Day By Day

Saturday, February 02, 2008

Carter's False Morality

James Taranto has a fascinating piece in the WSJ on the prideful roots of Jimmah Carter's ostentatious humility. It's the opposite of the mote/beam problem [ignoring your own great sins while focusing on the minor transgressions of another]. In this form, so much favored by contemporary moralistic poseurs, any Western failing, no matter how trivial, is an excuse for ignoring horrible actions taken by non-western regimes. After all, they would argue, who are we to judge others when we are far from perfect ourselves.

While such ostentatious and prideful humility might be relatively harmless in the realm of personal conduct, it is dangerous in world affairs. Taranto writes:

When applied to public as opposed to private morality, this kind of above-it-all attitude, this self-regard masquerading as humility, provides an excuse for inaction in the face of evil. To be sure, sometimes inaction is a wise course, because available actions would only make matters worse. But this is a practical question--one of consequences, not intention.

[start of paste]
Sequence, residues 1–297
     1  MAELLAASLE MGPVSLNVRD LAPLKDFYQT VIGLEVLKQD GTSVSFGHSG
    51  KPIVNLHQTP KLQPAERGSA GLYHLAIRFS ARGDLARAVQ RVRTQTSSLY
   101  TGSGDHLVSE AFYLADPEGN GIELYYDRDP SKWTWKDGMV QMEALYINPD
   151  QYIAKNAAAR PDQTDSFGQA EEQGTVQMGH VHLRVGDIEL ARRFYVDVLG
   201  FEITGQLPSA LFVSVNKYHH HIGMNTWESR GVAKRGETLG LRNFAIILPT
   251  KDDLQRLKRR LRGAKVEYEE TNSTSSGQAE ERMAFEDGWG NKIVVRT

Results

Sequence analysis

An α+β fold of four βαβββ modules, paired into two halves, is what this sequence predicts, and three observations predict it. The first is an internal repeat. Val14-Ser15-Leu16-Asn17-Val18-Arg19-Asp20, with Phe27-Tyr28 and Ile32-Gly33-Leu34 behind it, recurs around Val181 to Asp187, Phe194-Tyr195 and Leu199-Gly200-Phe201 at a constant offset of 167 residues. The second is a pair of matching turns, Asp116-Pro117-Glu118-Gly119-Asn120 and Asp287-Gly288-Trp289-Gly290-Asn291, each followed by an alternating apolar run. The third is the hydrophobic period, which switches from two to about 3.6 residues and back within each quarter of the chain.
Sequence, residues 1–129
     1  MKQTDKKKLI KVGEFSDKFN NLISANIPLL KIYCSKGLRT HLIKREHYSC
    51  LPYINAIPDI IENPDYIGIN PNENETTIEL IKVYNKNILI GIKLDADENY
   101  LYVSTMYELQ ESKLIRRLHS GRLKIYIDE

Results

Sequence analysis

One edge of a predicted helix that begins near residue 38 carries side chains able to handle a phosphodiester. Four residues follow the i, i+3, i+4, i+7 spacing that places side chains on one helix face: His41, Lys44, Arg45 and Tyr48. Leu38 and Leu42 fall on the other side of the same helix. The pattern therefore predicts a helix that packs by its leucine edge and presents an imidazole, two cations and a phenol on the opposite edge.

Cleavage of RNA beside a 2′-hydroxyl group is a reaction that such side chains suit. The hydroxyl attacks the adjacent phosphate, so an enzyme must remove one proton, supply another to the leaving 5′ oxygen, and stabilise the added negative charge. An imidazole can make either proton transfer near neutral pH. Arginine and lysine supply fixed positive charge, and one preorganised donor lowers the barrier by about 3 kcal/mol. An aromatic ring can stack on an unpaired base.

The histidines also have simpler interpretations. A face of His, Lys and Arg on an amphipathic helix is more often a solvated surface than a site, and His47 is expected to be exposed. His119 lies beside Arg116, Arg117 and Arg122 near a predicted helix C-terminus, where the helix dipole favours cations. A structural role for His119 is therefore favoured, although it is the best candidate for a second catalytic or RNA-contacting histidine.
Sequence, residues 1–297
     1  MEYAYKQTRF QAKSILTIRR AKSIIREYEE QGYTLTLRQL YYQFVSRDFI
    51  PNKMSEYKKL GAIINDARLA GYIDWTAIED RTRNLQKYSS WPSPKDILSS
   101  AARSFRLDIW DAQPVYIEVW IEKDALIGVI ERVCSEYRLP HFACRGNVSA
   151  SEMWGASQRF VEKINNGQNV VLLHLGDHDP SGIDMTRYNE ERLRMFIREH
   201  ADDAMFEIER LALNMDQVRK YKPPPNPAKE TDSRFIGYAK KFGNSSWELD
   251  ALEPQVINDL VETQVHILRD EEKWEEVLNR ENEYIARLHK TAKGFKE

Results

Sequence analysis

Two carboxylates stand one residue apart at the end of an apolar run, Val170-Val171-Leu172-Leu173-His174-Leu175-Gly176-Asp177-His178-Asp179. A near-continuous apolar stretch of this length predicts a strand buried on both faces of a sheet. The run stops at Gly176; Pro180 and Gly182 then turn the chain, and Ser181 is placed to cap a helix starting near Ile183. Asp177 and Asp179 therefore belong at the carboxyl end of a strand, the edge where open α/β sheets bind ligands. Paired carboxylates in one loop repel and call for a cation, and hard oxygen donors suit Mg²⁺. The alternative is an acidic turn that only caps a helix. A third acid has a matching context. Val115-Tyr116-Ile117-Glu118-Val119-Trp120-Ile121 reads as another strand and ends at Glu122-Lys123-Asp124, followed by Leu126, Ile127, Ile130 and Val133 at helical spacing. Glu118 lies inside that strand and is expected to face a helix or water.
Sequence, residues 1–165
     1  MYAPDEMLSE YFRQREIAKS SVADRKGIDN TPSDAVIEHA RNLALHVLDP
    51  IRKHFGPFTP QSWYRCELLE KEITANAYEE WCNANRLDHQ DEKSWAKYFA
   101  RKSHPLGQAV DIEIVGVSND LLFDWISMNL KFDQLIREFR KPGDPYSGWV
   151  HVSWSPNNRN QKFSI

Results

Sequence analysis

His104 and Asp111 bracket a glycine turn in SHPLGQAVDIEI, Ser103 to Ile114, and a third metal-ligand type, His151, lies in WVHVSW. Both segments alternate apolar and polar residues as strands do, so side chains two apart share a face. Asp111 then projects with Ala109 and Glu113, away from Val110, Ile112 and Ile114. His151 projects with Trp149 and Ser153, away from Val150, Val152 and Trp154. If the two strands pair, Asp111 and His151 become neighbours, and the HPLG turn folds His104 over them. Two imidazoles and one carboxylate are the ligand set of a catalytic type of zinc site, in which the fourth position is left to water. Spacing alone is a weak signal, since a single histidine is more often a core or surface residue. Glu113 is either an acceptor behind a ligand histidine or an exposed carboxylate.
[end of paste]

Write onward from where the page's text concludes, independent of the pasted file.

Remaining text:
To make the perfect the enemy of the good, to make a principle of responding to evil with inaction, is a dangerous way to approach the world. That should have been the lesson of the Carter presidency. It is a lesson American voters would do well to keep in mind as November approaches.

Read it here.